thanks for your commitment towards the movement.
the word for the new era.

nicholas / January 10, 2013 at 07:19 pm
bullet bullet
James Pew / January 14, 2013 at 10:57 am
Great interview! Mindbender is a complex artist capable of some pretty amazing things!

Here is a side of Mindbender Supreme a lot of people haven't heard.

I'm Awesome -

Ugly Lovely Truth -
Versatile / January 15, 2013 at 09:11 am
Great job to interviewer and mindbender!
Mindbender Supreme replying to a comment from pintu / January 15, 2013 at 04:01 pm
"Angela Nissel"? Who is that? I honestly have no clue what you are talking about, Pintu. If I did do that, I'll confess, LOL. But really: WTF? I love when haters attack lovers.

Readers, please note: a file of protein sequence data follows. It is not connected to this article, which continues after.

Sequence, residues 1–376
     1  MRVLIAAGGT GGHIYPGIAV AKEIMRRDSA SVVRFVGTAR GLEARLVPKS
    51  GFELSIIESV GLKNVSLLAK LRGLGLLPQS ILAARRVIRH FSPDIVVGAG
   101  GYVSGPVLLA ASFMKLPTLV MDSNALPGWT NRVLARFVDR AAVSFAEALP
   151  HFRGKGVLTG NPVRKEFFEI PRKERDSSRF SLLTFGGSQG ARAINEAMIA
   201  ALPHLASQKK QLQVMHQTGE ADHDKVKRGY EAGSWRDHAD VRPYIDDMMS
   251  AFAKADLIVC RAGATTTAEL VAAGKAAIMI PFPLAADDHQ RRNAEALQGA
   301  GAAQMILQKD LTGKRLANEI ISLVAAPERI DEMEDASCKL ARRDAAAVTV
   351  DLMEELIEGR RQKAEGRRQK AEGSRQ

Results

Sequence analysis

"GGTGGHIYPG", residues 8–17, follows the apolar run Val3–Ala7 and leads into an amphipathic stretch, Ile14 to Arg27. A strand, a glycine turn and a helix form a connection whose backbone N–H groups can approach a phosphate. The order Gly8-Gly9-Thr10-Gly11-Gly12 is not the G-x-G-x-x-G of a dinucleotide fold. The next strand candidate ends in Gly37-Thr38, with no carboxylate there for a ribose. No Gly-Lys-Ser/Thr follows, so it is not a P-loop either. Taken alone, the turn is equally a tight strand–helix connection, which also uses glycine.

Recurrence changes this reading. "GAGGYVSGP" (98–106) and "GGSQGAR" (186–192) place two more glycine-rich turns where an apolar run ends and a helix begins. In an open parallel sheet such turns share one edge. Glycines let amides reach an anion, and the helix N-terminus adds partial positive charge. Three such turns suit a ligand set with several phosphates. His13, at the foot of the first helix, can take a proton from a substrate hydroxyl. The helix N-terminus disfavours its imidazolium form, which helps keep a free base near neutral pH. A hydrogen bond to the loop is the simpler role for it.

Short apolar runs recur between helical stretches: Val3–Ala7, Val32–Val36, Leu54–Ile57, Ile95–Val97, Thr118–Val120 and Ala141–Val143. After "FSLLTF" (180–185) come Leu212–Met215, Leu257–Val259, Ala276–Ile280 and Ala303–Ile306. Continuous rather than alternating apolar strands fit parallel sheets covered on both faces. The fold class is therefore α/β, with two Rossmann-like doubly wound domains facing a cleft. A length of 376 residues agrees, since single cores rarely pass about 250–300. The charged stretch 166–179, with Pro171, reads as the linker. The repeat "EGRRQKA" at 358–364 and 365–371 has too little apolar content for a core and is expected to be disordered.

Mindbender Supreme replying to a comment from James Pew / January 15, 2013 at 04:02 pm
Thank you, James! You have brought out some of the best music I have ever created in my life, and Toronto is going to hear more of it in 2013! We're awesome like AWWW SHIT! :)
Mertella / January 19, 2013 at 04:14 pm
Great article, well written and showed the expanse of Mindbender's knowledge of the hip hop really proud of this young man...he should really do a hip hop museum and stop talking about! He has to write Toronto hip hop story...however concerns me about all this weed smoking! where did he pick up such a bad habit!!!:O)
david / July 6, 2013 at 04:45 am
seems like a cool guy. Don't agree with some of what he says. But seems like a nice dude.

With that said, dude. Stop walking around with your shirt unbuttoned in the summer...